The brother-in-law of Democratic presidential contender Pete Buttigieg is calling on the South Bend mayor to "repent" for invoking the Bible to defend late-term abortions.
During an interview on "The Breakfast Club" Friday, Buttigieg said life only begins when a baby takes a breath — and claimed the Bible supports his view.
Right now, they hold everybody in line with this one piece of doctrine about abortion, which is obviously a tough issue for a lot of people to think through morally. Then again, there's a lot of parts of the Bible that talk about how life begins with breath. And so even that is something we can interpret differently.
Those comments crossed the line, according to Rhyan Glezman, the pastor of a small Michigan church whose brother, Chasten, is married to Buttigieg.
"I feel a sense of responsibility and stewardship of my faith to stand up and say something, to say, 'No, that's not true,'" Glezman told the Washington Examiner.
"God places a very high value on all human life. Everyone is created fearfully and wonderfully in the image of God with intrinsic value. That doesn't start at the first breath, it starts when we enter our mother's womb," he explained.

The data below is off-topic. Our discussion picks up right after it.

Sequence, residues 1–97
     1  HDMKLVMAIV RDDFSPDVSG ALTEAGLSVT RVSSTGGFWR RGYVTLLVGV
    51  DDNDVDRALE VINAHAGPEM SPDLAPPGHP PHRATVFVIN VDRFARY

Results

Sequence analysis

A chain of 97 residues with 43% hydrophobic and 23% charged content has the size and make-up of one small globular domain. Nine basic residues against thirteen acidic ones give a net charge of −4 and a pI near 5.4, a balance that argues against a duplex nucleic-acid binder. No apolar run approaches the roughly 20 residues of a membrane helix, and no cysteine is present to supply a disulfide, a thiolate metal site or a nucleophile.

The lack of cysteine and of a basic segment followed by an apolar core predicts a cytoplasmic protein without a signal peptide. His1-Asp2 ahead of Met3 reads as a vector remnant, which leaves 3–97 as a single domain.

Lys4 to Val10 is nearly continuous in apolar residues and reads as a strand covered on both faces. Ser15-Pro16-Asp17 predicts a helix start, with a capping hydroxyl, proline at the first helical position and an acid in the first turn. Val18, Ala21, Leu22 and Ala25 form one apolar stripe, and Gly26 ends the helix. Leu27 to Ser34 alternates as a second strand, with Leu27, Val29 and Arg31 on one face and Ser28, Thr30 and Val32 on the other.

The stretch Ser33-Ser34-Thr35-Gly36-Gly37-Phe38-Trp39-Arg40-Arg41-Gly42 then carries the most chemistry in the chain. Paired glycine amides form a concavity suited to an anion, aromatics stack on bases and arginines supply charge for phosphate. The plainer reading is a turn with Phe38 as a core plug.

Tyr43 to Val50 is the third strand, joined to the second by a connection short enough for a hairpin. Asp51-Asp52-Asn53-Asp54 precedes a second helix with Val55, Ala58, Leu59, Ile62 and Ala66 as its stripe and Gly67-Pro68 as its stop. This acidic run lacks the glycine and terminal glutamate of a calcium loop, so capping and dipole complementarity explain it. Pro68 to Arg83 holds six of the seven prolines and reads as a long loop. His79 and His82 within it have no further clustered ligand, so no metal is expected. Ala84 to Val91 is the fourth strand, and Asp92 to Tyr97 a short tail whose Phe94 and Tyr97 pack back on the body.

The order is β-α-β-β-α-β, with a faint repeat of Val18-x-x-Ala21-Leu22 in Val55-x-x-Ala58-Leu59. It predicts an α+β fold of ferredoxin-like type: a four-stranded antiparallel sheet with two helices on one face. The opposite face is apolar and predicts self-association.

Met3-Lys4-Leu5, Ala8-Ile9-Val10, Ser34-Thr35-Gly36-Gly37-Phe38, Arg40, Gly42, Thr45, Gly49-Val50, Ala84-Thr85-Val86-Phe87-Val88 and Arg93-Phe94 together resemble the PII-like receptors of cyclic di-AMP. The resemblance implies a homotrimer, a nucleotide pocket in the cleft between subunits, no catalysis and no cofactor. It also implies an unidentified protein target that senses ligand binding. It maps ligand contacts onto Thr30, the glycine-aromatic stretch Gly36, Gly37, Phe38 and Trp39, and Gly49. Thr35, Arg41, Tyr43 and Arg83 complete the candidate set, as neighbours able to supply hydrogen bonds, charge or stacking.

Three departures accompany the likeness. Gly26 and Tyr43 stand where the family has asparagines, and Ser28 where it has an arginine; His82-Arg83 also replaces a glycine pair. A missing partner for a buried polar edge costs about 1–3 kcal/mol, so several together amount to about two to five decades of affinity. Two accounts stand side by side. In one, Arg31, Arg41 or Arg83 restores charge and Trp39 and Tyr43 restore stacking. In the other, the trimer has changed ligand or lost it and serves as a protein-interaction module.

Glezman, who believes the Democratic agenda is "anti-life" and "anti-God," slammed his brother-in-law's continued use of the Bible to push his progressive agenda, calling Buttigieg a "false teacher" who has "weaponized" the scriptures.
"What we see is a modern-day Pharisee," Glezman said. "Buttigieg is a person who's making up their own rules and regulations and, basically, if we don't celebrate and endorse their interpretation of Scripture, our religion is fallible. And that's just not true."
Still, Glezman told the Examiner that he loves his brother-in-law — but that does not mean he will capitulate his religious principles to appease progressives.
"In their eyes, if we don't celebrate or endorse their marriage views or their abortion views, then all of a sudden we become the homophobic bigots, which is just not true," he said.
"And that's what I'm seeing with this false religion," Glezman explained. "That's why I compared them to the Pharisees of today, with their new laws that they're trying to instill. And they're saying, 'If you don't believe the way I do, then you're a hateful, bigoted person; you're homophobic, you're anti-woman.' It becomes this hostile division."